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Taylor Panton was just 19 when he died from sepsis. He was a fit and intelligent young man studying maths, finance and economics at Strathclyde University.

His dad, Robbie, didn’t know the severity of sepsis and it’s implications but his mum, Wendy, with 25 years experience as a nurse, understood its seriousness and, as Taylor had a serious heart condition, was aware of the potential outcome.

His story reflects how quickly sepsis can strike and how devastating its consequences can be.

Robbie, from Chapelhall, said: “Our son, Taylor Douglas Panton, had a serious underlying heart condition, dilated cardiomyopathy, inherited genetically from me.

“Born in January 1996, he and was a fit, intelligent, kind, young boy who was diagnosed with cardiomyopathy in 2014 and started on medication to control it. He attended Monklands Hospital regularly for ECG, echo scans etc.

“On August 15, 2015, Taylor was admitted to hospital with a chest infection and treated with antibiotics before being discharged. A month later, he had to attend the Golden Jubilee National Hospital to have an ICD (implantable cardioverter defibrillator) inserted to prevent a cardiac arrest as he was at a higher risk of this.

“Then on October 12, he was admitted at 1730 to Monklands Hospital as he had been struggling to breathe due to another chest infection. Wendy went to hospital to see Taylor and he was receiving oxygen and antibiotics to treat the infection. She left hospital at 2000 with Taylor being treated by hospital staff. 

“At 2240 we received a call from the hospital to return as Taylor’s condition had deteriorated. I arrived quickly to see Taylor sitting up in bed but connected to lots of equipment tackling this infection. Very quickly my wife arrived and Taylor was transferred to the Intensive Care Unit as his kidneys were failing to start dialysis.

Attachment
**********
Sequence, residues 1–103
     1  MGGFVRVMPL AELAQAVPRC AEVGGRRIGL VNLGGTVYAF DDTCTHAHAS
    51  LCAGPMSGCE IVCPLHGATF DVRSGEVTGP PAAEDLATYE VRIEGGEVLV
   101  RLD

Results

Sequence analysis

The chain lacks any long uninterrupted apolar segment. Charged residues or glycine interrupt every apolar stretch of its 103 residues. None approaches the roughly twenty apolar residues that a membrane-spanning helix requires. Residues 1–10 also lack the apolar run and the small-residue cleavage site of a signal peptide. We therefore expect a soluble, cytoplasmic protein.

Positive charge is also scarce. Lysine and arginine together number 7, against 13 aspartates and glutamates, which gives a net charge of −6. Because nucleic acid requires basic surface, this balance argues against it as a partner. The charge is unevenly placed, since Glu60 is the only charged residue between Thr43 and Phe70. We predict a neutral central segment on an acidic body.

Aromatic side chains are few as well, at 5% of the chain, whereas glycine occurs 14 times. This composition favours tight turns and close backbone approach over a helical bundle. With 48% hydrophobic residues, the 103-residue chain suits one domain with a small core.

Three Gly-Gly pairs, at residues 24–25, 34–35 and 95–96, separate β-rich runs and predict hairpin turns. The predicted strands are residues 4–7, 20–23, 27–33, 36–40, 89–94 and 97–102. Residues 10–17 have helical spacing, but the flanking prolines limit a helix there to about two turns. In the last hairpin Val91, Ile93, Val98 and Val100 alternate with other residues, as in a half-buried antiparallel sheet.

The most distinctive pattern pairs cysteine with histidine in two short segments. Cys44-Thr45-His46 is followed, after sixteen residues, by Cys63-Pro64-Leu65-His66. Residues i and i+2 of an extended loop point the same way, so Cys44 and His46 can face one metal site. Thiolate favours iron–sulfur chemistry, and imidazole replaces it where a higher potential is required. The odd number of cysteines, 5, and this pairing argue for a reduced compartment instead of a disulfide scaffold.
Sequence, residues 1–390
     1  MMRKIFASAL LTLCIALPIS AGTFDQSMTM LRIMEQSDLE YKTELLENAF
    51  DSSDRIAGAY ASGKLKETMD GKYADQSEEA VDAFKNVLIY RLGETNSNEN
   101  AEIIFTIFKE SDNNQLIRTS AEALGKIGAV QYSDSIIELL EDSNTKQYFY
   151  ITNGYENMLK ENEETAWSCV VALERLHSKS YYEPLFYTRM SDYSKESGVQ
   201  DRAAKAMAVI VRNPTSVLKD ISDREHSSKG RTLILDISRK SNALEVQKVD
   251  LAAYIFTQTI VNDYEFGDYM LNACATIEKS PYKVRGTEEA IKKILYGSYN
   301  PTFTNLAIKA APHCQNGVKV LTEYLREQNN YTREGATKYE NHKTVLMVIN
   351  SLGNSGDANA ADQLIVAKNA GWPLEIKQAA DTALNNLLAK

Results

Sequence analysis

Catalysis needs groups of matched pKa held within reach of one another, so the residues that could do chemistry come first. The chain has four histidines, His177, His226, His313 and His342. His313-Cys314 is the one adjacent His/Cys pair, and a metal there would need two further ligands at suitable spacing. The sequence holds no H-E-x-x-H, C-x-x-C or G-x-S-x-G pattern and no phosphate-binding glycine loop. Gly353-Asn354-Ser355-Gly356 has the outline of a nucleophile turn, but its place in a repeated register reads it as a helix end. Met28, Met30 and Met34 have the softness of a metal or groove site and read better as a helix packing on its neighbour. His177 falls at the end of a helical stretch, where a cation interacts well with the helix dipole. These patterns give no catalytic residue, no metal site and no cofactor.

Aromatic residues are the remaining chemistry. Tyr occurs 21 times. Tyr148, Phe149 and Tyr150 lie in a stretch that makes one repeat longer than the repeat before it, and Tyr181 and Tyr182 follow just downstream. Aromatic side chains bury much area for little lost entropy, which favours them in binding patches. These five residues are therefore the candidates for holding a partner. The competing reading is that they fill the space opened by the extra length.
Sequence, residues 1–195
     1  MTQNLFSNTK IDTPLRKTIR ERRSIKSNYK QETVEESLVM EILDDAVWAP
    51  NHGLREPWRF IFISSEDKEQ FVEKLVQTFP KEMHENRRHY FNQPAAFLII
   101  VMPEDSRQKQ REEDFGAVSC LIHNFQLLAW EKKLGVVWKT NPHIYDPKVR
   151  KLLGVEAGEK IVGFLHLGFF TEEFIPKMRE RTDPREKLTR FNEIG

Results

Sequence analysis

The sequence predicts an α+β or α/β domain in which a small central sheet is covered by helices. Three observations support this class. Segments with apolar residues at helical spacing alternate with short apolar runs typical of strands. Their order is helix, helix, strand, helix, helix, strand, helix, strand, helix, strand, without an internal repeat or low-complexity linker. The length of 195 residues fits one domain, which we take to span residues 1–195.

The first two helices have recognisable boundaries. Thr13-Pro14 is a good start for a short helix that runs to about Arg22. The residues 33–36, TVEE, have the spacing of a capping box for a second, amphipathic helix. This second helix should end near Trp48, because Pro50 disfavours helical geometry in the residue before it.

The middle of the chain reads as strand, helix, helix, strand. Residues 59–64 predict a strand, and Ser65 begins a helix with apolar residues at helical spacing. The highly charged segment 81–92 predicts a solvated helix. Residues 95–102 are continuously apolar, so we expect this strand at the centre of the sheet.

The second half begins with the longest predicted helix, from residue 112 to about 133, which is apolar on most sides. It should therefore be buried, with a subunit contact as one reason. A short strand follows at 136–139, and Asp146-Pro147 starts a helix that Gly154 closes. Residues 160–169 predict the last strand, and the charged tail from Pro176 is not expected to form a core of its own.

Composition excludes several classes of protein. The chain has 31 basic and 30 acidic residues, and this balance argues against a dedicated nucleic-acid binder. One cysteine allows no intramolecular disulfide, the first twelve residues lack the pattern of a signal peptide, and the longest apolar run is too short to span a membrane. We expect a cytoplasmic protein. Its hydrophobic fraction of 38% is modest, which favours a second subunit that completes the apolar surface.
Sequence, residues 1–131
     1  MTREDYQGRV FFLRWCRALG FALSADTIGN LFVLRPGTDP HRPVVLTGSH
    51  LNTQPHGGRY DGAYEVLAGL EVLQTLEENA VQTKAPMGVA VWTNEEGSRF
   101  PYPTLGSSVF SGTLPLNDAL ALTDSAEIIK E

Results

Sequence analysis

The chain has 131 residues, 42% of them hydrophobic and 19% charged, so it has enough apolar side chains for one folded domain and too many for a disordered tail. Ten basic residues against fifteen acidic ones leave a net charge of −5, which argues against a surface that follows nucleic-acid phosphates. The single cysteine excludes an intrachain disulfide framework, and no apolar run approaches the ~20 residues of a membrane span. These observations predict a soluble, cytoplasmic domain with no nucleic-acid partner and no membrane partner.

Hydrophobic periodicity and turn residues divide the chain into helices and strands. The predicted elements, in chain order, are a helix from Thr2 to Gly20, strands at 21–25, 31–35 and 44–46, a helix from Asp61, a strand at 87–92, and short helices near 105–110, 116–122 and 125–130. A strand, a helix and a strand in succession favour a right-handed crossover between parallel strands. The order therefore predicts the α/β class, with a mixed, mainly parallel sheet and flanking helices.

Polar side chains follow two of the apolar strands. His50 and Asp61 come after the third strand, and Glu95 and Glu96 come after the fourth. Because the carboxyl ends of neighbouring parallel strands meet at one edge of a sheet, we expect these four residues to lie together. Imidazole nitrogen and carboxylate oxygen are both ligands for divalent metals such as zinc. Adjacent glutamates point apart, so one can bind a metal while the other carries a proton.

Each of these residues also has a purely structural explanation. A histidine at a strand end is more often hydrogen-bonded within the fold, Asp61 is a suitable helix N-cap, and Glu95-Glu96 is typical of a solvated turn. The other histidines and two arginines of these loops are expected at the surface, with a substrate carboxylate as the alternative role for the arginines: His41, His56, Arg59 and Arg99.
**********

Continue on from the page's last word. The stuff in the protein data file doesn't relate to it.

“Just after midnight, the doctors said he had sepsis and would have to ventilate Taylor as he could no longer breathe on his own. They were trying to stabilise him on the next day to transfer him to Golden Jubilee as his heart was deteriorating and he needed special care. He arrived there at 2030 and immediately was put on ECMO (Extracorporeal Membrane Oxygenation) to help him. Specialists warned he would die within an hour if he didn’t have this treatment.

“In ICU, he was treated with lots of antibiotics throughout the next 12 hours but by that time Taylor’s heart had failed and he suffered a bleed on his brain . 

“Taylor died on 15/10/15 at 1500 surrounded by his family.

“Taylor was a gifted boy who excelled academically at chess, basketball and swimming. He was studying maths, finance and economics at Strathclyde University while working part-time in Morrisons supermarket.

“But most of all he was a kind, thoughtful young boy who helped so many others. He was a special brother to Holly, now aged 10, son, grandson and friend to many .

“From being diagnosed with sepsis and with a heart condition Taylor passed away very quickly despite the best efforts of all the medical professionals.”

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